Disaster Victims Can Take Hardship Distributions From Retirement Plans

Barry Fowler, Tax Advisor

The IRS has announced relief for victims of recent disasters. If you live in a federally-declared disaster area, you qualify for this program. As an affected taxpayer, you may take a loan or hardship distribution from your retirement plan.

Streamlined procedures have been put in place to allow taxpayers quick access to funds in these accounts. The plan must allow for hardship withdrawals. However, these distributions may be made prior to the plan being amended to allow such withdrawals.  Contact the human resources department at your company to see if your plan allows these loans or distributions. The IRS is waiving the six-month ban on distributions that normally affects taxpayers taking hardship distributions. Any distribution or loan under this announcement must be made by January 31, 2018.

It should be noted that the tax treatment of loans and distributions under this process remain unchanged. Loans may be taken from a 401(k), 403(b), or 457(b) plan that allows such withdrawals. The normal rules for loans apply, meaning that the loans are tax-free if they are repaid over a period of five years or less.  If you terminate your employment before a loan is paid off, it immediately becomes a distribution, subject to laws regarding taxation of distributions.

IRA’s do not allow loans but a hardship distribution may be taken. In addition, a hardship distribution may be taken from any of the above listed types of plans.  These distributions will be subject to regular income tax and the 10% penalty for early withdrawal unless another exception applies. So the main benefit to this program is to allow quicker access to the funds.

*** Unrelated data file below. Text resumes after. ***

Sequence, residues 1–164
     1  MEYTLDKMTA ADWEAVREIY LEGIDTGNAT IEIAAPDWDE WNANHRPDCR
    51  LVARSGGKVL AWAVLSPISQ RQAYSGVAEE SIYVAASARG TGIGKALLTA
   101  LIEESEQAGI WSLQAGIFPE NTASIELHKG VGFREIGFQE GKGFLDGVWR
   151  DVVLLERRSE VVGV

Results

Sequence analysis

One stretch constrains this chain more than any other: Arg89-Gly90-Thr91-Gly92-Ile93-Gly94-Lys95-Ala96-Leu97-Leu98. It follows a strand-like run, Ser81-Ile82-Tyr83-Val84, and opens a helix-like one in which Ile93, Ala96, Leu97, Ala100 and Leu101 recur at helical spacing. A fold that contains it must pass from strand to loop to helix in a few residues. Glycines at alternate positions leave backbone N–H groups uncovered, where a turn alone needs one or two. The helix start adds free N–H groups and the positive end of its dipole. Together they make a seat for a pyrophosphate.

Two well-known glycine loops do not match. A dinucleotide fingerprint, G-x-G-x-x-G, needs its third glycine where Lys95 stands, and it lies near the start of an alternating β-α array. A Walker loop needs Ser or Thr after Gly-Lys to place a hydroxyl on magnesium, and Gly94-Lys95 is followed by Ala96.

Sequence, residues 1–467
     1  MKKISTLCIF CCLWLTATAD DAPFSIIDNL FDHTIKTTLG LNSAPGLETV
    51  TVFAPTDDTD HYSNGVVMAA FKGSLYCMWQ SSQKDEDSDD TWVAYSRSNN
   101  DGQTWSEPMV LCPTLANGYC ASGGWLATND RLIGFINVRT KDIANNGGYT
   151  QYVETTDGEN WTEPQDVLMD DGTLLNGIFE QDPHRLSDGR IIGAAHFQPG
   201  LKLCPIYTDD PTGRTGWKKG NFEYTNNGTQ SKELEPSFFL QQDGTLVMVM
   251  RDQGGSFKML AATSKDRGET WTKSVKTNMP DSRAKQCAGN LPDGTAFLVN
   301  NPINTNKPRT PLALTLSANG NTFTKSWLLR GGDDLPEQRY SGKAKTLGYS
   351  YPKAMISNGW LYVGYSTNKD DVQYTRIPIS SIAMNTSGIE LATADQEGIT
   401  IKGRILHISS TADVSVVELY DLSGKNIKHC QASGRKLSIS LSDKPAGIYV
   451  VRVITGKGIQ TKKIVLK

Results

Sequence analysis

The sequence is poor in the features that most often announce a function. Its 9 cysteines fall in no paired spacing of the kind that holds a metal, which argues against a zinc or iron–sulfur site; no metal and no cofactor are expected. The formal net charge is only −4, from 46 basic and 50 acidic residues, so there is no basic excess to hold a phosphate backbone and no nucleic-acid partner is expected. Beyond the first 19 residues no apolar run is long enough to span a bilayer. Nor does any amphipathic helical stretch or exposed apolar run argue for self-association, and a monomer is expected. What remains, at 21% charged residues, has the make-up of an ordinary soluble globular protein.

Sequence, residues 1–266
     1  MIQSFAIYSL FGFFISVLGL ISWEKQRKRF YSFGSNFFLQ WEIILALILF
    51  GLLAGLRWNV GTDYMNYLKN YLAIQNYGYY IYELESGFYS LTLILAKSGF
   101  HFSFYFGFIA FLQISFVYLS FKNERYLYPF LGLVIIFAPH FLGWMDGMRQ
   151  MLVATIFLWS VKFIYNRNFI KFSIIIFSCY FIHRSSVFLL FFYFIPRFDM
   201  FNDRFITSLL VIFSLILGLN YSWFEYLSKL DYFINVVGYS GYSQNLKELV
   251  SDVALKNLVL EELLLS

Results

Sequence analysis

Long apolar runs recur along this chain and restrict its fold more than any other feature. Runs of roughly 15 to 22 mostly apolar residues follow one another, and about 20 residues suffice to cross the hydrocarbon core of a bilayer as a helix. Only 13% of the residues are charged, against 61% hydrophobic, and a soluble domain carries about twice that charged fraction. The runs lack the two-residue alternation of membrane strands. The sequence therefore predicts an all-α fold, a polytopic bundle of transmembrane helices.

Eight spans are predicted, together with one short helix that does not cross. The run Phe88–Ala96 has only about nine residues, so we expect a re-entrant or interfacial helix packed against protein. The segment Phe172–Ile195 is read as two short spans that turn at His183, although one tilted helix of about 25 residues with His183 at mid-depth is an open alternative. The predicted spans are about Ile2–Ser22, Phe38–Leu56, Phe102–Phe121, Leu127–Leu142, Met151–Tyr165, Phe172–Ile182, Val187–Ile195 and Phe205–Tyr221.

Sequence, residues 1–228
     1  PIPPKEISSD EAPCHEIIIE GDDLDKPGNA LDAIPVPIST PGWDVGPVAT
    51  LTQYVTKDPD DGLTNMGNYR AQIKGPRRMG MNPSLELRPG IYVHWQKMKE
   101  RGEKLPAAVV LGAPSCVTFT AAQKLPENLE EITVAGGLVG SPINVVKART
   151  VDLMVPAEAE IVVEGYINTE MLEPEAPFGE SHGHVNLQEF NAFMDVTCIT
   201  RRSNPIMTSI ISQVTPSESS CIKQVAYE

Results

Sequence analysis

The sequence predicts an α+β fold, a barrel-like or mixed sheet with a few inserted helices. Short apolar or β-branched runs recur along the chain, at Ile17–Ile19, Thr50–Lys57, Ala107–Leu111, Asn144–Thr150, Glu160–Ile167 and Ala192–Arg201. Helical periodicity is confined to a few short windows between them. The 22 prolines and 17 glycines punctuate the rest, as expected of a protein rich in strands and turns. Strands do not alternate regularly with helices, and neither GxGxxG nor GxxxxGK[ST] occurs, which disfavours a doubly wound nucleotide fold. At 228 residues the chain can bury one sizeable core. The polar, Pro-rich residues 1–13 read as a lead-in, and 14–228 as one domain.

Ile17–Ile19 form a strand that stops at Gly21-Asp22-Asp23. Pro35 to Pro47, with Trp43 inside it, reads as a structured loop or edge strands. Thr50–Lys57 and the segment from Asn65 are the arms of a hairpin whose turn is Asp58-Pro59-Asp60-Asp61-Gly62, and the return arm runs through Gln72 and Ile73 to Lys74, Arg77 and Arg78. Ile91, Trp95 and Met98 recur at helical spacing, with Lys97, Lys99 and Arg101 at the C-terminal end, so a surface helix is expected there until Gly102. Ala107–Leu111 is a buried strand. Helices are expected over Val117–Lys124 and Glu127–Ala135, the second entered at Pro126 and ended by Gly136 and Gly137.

It should be noted that a taxpayer not living in an area affected by the hurricanes may take a loan or withdrawal to assist a son, daughter, parent, grandparent, or other dependent wo lives in an affected area.

Have a question? Contact John Stancil


Barry Fowler is licensed to represent taxpayers before the Internal Revenue Service (IRS) and is a longstanding member of several tax industry professional organizations including the National Association of Enrolled Agents (NAEA), National Association of Tax Preparers (NATP), Texas Society of Enrolled Agents (TSEA), and the American Society of Tax Problem Solvers (ASTPS). With experience in the tax and finance industry spanning over twenty years, Fowler’s expertise includes tax resolution, personal financial planning, tax return preparation, financial statements, and general ledger bookkeeping. He has been instrumental in helping hundreds of people resolve complex tax issues with the IRS.

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